One of the NGOs targeted by the 'Stop Soros' legislation, the Hungarian Helsinki Committee, welcomed the ruling.

"The CJEU [ECJ] made it clear: threatening people with imprisonment who assist asylum-seekers to claim asylum violates EU norms," said the committee which said it helped over 1,800 asylum-seekers since July 2018 under the threat of criminal sanctions.

New Hungarian opposition head seeks Orbán 'regime change'

Péter Márki-Zay said winning will be an uphill battle, as Viktor Orbán's moves to redraw constituencies, stifle free media, erode the independence of the judiciary, and "unlimited" financial resources, all favour the illiberal incumbent.

Poland vows not to give into EU 'blackmail' at summit

Dutch prime minister Mark Rutte suggested Poland's Covid-19 recovery money should not be approved until Warsaw respects the rulings of the European Court of Justice and dispels doubts about the independence of its judiciary.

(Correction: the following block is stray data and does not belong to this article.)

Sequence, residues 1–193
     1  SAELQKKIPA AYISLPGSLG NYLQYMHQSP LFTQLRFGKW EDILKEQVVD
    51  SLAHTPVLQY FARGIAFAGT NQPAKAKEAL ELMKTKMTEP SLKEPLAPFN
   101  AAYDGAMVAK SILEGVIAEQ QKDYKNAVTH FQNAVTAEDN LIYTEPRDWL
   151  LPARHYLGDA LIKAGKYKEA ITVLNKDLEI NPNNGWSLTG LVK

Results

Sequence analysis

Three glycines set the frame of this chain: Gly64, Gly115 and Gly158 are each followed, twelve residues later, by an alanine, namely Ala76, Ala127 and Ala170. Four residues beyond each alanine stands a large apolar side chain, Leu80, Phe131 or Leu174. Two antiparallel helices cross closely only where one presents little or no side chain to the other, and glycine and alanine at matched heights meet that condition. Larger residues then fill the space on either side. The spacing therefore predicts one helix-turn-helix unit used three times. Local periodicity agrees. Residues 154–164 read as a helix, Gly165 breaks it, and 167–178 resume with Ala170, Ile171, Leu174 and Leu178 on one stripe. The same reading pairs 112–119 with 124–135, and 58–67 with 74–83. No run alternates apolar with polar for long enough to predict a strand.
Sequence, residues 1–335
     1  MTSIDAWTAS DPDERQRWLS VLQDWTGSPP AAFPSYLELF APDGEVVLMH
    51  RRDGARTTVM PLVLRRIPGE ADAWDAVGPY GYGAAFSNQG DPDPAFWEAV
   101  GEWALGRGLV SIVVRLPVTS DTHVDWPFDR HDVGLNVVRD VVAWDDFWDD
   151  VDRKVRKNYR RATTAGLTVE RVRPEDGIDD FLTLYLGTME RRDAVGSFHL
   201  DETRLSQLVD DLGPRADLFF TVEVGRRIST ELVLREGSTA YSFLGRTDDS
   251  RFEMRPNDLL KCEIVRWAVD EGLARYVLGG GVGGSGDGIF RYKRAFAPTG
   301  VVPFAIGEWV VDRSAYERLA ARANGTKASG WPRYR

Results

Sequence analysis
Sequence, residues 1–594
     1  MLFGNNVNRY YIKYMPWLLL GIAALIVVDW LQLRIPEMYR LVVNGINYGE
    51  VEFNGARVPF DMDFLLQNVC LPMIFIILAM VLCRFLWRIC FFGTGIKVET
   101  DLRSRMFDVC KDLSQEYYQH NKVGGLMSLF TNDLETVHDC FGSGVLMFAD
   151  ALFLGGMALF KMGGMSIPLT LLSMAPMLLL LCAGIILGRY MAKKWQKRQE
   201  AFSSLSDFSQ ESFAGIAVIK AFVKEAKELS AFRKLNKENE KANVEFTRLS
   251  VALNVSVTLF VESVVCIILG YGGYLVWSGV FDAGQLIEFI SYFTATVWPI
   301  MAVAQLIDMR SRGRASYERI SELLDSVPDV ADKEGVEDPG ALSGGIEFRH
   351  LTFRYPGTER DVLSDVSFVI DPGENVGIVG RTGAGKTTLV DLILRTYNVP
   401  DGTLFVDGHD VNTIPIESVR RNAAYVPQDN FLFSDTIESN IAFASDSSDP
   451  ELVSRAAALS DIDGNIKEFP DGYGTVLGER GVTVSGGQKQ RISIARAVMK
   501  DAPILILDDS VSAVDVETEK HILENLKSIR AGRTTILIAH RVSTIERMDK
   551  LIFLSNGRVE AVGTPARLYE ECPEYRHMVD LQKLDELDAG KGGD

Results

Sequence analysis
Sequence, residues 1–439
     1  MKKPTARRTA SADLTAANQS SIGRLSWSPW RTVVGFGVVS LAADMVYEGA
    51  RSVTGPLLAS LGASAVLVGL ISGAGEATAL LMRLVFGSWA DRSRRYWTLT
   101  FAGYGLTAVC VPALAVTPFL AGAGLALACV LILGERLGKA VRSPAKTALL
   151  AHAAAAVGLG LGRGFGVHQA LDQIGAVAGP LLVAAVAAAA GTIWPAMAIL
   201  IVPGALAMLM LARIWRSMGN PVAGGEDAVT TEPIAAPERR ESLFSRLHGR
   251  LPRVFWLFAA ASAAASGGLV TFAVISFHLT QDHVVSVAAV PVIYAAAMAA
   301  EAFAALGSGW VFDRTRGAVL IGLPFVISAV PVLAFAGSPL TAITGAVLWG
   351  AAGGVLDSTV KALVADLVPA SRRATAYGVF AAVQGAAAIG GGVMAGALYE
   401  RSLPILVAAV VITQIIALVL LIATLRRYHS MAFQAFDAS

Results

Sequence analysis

Analysis

EU Commission letters to Poland, Hungary: too little, too late?

The EU Commission has made a first move in the battle that could result in financial sanctions against Hungary and Poland over rule-of-law issues. However, this initial step has irritated those arguing for quicker action.

Portugal was poised to scrap 'Golden Visas' - why didn't it?

Over the last 10 years, Portugal has given 1,470 golden visas to people originating from countries whose tax-transparency practices the EU finds problematic. But unlike common practice in other EU states with similar programmes, Portugal has not implemented "due diligence".